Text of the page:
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Researchers have uncovered ancient eye medication inside a shipwreck, according to press reports in the United States.
Rare gray discs loaded with zinc and beeswax were found on board of a 2,000-year-old shipwreck, which may have been used as medicine for the eyes, the researchers said.
These findings shed new light on the development of medicine through the ages, the scientists added.
The scientists analyzed six flat gray tablets about 1.6 inches or 4 centimeters in diameter and 0.4 inches or 1 cm thick that was found in a round tin box aboard the wreck called Relitto del Pozzino, which was discovered about 60 feet or 18 meters underwater in 1974, in the seabed of the Gulf of Baratti, off the coast of Tuscany.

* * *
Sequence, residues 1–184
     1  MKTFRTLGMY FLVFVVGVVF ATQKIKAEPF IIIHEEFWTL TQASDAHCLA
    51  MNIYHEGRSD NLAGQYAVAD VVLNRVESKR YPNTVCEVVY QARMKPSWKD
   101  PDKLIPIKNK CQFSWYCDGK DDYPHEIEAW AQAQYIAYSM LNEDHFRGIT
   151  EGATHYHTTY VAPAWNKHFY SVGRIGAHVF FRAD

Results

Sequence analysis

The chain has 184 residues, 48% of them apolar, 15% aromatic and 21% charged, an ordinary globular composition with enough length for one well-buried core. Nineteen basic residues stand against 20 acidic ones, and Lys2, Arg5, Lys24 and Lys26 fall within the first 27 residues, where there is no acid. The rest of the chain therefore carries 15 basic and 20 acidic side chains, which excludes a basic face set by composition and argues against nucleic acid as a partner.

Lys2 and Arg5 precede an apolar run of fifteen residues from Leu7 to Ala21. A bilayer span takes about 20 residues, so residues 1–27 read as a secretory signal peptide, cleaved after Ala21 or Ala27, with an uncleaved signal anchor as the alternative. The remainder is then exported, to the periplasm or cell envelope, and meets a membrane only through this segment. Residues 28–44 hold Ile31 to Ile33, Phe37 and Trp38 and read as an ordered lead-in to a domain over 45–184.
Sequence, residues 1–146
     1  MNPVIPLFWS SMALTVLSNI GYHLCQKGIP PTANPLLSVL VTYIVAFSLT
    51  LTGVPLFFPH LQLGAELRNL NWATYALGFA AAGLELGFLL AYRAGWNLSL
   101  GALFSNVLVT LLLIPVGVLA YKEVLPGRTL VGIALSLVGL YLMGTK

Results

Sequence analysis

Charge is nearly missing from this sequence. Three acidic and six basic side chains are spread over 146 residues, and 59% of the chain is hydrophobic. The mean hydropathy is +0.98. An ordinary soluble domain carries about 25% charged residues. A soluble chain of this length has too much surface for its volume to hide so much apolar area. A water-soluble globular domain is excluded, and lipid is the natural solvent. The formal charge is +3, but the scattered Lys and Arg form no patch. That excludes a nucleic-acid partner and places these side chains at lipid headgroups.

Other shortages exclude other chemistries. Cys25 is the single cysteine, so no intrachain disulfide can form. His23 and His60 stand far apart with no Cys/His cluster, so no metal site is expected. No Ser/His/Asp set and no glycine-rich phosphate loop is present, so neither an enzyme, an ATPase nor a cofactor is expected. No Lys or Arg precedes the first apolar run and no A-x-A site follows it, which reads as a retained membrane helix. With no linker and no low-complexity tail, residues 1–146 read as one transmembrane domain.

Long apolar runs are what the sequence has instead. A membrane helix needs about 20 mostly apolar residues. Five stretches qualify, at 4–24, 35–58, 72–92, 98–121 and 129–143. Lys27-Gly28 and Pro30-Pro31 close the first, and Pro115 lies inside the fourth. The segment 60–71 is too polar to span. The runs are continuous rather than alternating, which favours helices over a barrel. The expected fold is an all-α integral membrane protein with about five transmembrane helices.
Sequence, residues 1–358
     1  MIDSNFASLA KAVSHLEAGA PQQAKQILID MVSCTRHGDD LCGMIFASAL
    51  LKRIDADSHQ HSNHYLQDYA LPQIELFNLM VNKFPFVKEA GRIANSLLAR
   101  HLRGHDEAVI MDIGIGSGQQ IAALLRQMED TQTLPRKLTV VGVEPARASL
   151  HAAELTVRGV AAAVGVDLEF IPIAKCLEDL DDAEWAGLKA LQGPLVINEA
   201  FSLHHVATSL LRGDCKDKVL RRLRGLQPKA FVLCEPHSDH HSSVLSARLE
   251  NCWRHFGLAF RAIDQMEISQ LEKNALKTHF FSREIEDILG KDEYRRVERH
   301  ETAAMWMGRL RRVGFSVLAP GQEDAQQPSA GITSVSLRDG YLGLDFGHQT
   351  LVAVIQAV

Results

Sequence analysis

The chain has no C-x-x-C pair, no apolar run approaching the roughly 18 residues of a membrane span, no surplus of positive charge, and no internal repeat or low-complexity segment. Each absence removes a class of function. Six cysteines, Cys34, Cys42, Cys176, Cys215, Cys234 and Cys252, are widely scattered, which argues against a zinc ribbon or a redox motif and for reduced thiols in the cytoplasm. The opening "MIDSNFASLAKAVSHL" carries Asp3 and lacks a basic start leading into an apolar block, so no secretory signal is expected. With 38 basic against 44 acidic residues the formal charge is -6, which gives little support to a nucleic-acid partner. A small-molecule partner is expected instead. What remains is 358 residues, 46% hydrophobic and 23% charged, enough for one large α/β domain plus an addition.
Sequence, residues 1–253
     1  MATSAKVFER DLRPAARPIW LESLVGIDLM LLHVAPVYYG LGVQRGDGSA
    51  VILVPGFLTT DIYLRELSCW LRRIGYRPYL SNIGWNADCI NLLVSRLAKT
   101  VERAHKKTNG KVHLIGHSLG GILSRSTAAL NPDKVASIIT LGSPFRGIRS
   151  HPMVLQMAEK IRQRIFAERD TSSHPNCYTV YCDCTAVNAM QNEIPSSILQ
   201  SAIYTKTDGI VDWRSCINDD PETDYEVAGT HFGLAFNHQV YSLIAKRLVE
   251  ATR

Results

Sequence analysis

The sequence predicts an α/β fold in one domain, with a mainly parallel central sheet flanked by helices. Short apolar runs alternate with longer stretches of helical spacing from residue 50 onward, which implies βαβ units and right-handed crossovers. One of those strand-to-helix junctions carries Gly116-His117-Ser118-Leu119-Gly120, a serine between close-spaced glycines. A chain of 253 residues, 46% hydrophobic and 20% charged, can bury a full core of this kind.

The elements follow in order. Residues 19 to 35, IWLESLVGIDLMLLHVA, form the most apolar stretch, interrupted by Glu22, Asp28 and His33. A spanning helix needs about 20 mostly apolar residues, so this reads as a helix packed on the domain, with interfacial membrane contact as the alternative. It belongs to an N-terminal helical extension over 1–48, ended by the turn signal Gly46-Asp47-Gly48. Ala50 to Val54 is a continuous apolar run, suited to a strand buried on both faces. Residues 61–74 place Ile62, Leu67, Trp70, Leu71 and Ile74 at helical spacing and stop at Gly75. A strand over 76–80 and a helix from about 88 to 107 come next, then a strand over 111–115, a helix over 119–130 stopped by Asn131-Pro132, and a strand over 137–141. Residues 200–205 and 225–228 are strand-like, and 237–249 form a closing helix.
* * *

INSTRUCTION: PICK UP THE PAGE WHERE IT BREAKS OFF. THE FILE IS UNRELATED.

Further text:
The hull, only about 50 to 60 feet or 15 to 18 meters long and about 10 feet or 3 meters wide, dates from around 140 BC.
The Roman shipwreck was found near the remains of the Etruscan town of Populonia. At the time that the ship sank the place was a key port along the maritime trade routes between the west and east on the Mediterranean Sea.
Several artifacts were unearthed during the excavations, including wine jars, an inkwell, pewter and bronze jars, piles of glass bowls and lamps.